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A refractory period, in physiology, is a period of time during which an organ or cell is incapable of performing a particular action.
Refractory period in biologyEdit
- Main article: Refractory period (physiology)
Biologically, a refractory period is the amount of time it takes for an excitable membrane to be stimulated and then be ready for stimulus again.
Action potentials in NeuronsEdit
The refractory period in a neuron occurs after an action potential and generally lasts one millisecond. An action potential consists of three phases. Depolarization, where voltage-gated sodium channels open increasing the neuron's membrane conductance for sodium ions and depolarizes the cells membrace potential. Repolarization, where voltage-gated sodium channel inactivation, due to the now depolarized membrane potential, and voltage-gated potassium channel opening both act to repolarize (or hyperpolarize) the cell's potential membrane back to its resting membrane potential. After-hyperpolarization occurs when the cell's membrane voltage overshoots its resting membrane potential, following repolarization, due to a still higher than resting potassium conductance across the cell membrane. Eventually this potassium conductance drops and the cell returns to its resting membrane potential.
The refractory period is due to the inactivation property of voltage-gated sodium channels. Voltage-gated sodium channels have two gating mechanisms, one that opens the channel with depolarization and the inactivation mechanism that closes the channel with depolarization. Channel opening with depolarization is faster than inactivation, thereby allowing an initial entry of sodium ions in to the cell. But eventually, all the sodium channels will close with sustained depolarization. The only way to de-inactivate voltage-gated sodium channels is to hyperpolarize the membrane for a sustained period of time. The time between one action potential and when not enough of the voltage-gated sodium channels are de-inactivated and able to generate a new action potential in response to stimulus is called the absolute refractory period. The time between absolute refractory period and when all the sodium channels are de-inactivated is called the relative refractory period. During the relative refractory period, a stimulus can excite an action potential, but it must be stronger than the minimum stimulus required to elicit and action potential at rest.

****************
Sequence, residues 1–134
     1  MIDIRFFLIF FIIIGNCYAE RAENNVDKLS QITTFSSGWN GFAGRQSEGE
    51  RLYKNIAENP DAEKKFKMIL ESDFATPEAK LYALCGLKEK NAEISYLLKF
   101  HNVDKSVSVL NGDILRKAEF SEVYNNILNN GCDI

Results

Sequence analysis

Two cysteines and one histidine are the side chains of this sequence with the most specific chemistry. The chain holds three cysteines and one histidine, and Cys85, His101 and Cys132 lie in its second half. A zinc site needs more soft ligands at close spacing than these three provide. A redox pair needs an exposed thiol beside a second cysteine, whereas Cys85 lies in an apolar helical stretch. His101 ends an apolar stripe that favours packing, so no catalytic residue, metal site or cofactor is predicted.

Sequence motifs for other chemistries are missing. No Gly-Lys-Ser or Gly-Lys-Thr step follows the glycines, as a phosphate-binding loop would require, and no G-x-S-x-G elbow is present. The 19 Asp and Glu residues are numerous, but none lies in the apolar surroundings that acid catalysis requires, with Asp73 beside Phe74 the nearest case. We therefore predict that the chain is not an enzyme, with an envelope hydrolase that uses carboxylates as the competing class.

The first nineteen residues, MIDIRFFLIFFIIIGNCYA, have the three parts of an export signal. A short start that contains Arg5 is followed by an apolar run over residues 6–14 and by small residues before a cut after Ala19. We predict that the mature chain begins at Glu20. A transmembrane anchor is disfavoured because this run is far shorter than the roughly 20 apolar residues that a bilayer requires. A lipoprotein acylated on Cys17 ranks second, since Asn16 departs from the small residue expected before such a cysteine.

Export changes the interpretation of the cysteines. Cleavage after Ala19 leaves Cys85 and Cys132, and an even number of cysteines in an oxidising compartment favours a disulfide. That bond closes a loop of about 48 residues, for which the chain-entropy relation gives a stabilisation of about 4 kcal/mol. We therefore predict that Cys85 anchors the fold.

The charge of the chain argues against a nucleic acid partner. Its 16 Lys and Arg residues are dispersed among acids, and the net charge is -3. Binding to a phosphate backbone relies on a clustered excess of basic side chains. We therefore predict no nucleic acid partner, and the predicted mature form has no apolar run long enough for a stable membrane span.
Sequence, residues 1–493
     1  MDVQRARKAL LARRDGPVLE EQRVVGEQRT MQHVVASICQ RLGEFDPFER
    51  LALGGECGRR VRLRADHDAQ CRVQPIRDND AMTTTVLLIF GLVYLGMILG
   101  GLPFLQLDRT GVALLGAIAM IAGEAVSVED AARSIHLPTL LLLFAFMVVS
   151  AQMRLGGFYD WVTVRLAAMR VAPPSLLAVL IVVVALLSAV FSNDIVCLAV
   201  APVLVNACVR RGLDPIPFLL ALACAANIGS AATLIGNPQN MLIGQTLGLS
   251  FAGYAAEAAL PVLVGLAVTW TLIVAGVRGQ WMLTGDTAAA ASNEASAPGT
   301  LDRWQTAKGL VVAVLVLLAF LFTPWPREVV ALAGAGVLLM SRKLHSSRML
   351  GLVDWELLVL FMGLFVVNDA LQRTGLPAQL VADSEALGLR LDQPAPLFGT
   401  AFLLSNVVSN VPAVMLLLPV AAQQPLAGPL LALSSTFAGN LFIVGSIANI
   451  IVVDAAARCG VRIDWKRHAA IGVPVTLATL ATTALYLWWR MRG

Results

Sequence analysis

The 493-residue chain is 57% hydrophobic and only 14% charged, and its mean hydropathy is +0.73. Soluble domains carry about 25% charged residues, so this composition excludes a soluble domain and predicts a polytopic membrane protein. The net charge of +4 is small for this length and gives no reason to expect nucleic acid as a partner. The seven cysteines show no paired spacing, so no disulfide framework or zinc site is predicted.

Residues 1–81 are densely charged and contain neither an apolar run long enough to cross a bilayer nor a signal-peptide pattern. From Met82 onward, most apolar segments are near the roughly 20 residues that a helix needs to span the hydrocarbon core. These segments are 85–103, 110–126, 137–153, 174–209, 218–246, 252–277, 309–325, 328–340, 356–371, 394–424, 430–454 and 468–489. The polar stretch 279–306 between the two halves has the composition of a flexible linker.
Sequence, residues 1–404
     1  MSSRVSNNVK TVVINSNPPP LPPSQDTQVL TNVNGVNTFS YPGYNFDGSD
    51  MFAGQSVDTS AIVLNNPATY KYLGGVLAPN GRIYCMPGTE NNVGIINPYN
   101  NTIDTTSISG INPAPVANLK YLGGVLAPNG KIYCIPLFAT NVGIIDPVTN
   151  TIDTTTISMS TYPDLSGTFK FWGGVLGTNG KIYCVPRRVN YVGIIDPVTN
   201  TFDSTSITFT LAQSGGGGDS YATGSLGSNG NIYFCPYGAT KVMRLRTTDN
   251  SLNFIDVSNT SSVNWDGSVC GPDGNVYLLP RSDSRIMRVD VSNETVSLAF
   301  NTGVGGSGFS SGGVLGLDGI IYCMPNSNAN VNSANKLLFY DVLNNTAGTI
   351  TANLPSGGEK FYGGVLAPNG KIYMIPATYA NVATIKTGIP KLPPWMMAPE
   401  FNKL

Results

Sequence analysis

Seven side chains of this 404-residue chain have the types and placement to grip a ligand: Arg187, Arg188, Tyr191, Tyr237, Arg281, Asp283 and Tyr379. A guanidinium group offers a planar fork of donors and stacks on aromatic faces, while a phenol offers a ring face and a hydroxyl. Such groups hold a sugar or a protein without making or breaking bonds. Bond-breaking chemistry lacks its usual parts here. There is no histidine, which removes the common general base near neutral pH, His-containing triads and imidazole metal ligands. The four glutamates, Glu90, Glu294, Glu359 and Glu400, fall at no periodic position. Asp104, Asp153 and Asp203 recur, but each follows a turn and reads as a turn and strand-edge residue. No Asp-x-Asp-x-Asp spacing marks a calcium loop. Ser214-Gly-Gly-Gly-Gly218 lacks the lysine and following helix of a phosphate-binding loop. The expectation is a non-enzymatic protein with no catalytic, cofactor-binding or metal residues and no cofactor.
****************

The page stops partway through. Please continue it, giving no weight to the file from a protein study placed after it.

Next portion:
Refractory period in sex Edit
- Main article: Refractory period (sex)
In sexual intercourse, the refractory period is a recovery phase after male ejaculation during which it is physiologically impossible for almost all men to experience sustained erection and additional ejaculations or orgasms. The penis may be hypersensitive and further sexual stimulation may even feel painful during this time frame.
The refractory period varies widely between individuals, ranging from minutes to hours. An increased infusion of the hormone oxytocin during ejaculation is believed to be chiefly responsible for the refractory period and the amount by which oxytocin is increased may affect the length of each refractory period. Another chemical which is considered to be responsible for this effect is Prolactin, which represses Dopamine, which is responsible for sexual arousal.
Unlike men, some women do not experience a refractory period immediately after orgasm and in many cases are capable of attaining additional, multiple orgasms through further stimulation (mainly oral-genital stimulation or through masturbation). The female sexual response is more varied than that of men, so there are many women who experience clitoral hypersensitivity after orgasm, which effectively creates a refractory period. These women may be capable of further orgasms, but the pain involved in getting there makes the prospect undesirable.
Refractory period in cardiac physiologyEdit
References & BibliographyEdit
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